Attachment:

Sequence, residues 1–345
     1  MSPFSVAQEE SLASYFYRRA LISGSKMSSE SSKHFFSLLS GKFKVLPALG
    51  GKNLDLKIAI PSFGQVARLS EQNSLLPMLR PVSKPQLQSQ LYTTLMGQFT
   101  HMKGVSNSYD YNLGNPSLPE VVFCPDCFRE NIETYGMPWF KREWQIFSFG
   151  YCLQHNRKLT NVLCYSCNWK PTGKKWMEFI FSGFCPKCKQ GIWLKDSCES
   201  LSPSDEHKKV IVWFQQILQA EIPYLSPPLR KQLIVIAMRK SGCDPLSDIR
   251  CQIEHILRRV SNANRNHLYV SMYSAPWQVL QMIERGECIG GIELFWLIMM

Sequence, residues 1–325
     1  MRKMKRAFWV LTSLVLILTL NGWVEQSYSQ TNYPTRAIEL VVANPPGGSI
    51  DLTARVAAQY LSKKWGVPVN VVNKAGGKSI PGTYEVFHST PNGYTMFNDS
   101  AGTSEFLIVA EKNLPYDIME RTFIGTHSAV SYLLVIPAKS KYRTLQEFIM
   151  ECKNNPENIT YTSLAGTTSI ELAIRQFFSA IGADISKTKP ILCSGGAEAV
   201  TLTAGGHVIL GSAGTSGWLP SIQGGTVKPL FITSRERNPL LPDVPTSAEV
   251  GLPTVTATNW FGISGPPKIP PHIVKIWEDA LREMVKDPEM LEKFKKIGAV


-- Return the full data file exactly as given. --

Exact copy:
Sequence, residues 1–345
     1  MSPFSVAQEE SLASYFYRRA LISGSKMSSE SSKHFFSLLS GKFKVLPALG
    51  GKNLDLKIAI PSFGQVARLS EQNSLLPMLR PVSKPQLQSQ LYTTLMGQFT
   101  HMKGVSNSYD YNLGNPSLPE VVFCPDCFRE NIETYGMPWF KREWQIFSFG
   151  YCLQHNRKLT NVLCYSCNWK PTGKKWMEFI FSGFCPKCKQ GIWLKDSCES
   201  LSPSDEHKKV IVWFQQILQA EIPYLSPPLR KQLIVIAMRK SGCDPLSDIR
   251  CQIEHILRRV SNANRNHLYV SMYSAPWQVL QMIERGECIG GIELFWLIMM

Sequence, residues 1–325
     1  MRKMKRAFWV LTSLVLILTL NGWVEQSYSQ TNYPTRAIEL VVANPPGGSI
    51  DLTARVAAQY LSKKWGVPVN VVNKAGGKSI PGTYEVFHST PNGYTMFNDS
   101  AGTSEFLIVA EKNLPYDIME RTFIGTHSAV SYLLVIPAKS KYRTLQEFIM
   151  ECKNNPENIT YTSLAGTTSI ELAIRQFFSA IGADISKTKP ILCSGGAEAV
   201  TLTAGGHVIL GSAGTSGWLP SIQGGTVKPL FITSRERNPL LPDVPTSAEV
   251  GLPTVTATNW FGISGPPKIP PHIVKIWEDA LREMVKDPEM LEKFKKIGAV